Travel theme: Fabric

Traveling to different places in the world gives me an excuse to investigate folk traditions in fabric design. Something I find incredibly inspirational when it comes to designing my own artwork. Fabric and furnishings can also reflect the cultural and historical nuances and traditions of a region.

Norwegian embroidery and weaving

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Where would you find a beautiful fabric motif like this, but Innsbruck?!

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Hardanger embroidery on a cafe curtainhardanger embroidery

Norway is a country, where you will find many original and distinctive fabrics in many different forms.

Click on each individual photo to see a larger version

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Norwegian National dress

If you have some fabric that you have discovered in your travels, post a link to your blog or join in with Ailsa’s photographic travel theme challenge.

 

Something to Ponder About

 

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About Forestwoodfolk

Scandinavian culture, literature and traditions are close to my heart, even though I am Australian. I have Scandinavian, Frisian and Prussian/Silesian ancestry and for that reason, I feel a connection with that part of the world. I am an avid Nordic Crime fiction reader, and enjoy photography, writing and a variety of cooking and crafts, and traditional decorative art forms. Politically aware and egalitarian by nature, I have a strong environmental bent.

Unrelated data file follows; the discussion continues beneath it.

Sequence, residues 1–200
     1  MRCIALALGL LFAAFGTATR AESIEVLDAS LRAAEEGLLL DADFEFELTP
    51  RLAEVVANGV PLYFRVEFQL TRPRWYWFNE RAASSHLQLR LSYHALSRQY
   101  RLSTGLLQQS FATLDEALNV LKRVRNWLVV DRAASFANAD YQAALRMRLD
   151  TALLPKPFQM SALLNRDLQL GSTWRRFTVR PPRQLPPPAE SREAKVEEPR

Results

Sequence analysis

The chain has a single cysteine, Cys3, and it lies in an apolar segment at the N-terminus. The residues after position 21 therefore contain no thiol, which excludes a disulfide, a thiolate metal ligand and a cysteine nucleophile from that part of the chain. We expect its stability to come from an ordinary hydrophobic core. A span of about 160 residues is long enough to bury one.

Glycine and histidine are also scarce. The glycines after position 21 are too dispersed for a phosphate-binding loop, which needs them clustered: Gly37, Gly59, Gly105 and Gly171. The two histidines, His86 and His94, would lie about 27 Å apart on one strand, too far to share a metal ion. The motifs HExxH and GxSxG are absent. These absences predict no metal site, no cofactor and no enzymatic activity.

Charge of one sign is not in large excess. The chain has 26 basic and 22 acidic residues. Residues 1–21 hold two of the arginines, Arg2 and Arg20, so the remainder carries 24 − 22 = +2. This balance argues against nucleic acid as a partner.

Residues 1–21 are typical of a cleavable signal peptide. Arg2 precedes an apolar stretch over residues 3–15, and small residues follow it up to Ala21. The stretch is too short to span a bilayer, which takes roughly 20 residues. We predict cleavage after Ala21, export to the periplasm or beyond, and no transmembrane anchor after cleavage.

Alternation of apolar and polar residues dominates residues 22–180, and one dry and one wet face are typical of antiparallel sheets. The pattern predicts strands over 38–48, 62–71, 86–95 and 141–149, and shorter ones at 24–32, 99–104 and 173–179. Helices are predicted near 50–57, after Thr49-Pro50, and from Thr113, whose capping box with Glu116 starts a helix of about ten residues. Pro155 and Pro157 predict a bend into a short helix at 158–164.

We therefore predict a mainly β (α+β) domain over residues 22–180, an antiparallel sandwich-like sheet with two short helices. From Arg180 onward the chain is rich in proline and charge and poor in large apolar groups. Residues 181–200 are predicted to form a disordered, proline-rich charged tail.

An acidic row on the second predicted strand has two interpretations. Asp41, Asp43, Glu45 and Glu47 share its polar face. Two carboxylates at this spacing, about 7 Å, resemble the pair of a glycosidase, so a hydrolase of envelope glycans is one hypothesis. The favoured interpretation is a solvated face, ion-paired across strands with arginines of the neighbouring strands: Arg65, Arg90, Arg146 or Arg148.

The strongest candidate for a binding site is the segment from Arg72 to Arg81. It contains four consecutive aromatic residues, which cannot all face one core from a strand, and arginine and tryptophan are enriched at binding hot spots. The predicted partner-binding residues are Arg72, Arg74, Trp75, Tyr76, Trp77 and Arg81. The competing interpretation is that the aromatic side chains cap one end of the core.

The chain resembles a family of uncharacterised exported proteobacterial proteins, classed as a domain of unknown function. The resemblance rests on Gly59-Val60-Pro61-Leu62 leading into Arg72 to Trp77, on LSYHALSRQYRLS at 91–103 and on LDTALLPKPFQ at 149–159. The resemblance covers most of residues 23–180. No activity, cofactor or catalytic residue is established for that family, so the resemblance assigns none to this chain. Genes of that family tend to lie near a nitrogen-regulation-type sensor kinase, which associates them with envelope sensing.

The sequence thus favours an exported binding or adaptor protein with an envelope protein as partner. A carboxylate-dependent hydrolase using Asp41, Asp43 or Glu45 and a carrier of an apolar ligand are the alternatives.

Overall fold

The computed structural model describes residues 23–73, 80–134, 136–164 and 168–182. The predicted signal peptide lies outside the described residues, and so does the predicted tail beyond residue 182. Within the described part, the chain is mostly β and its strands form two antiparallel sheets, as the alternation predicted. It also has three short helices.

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29 Responses to Travel theme: Fabric

  1. Interesting, I spotted a Norwegian wall hanging on your photo that I once bought as a kit in Bergen and it has been hanging in my parent’s hallway now for many years, exactly the same design and colours!

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    • Great observation skills, Marion! How wonderful that you have the same embroidery. I think there are some very popular folk designs that you will often see in Norwegian hytter, or cabins in the mountains! It is very evocative of that tradition. Timber walls and woven or embroidered furnishings. I guess this sort of craft is popular when it is dark and cold outside, and warm and snug in….

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  2. milliethom says:

    Very beautiful fabric from Innsbruck and wonderful embroidery from Hardanger. The Hardanger national costumes are so colourful and shapely, and I can imagine people wearing them at traditional ceremonies. Or perhaps times have moved on a little too much for that nowadays.

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    • No Millie, for some very delightful reason, the Norwegian Bunad, or national dress is very much in use in Norway. The ladies will wear it to weddings, christenings and perhaps even funerals. The men are less common but on National day, 17th May, almost everyone is in National dress. A real sight to behold. They are extremely expensive outfits and only certain people are allowed to construct and embroider them. It is a fabulous tradition. Even some 2nd or 3rd generation Norwegian descended immigrants, in America, have a bunad!

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    • milliethom says: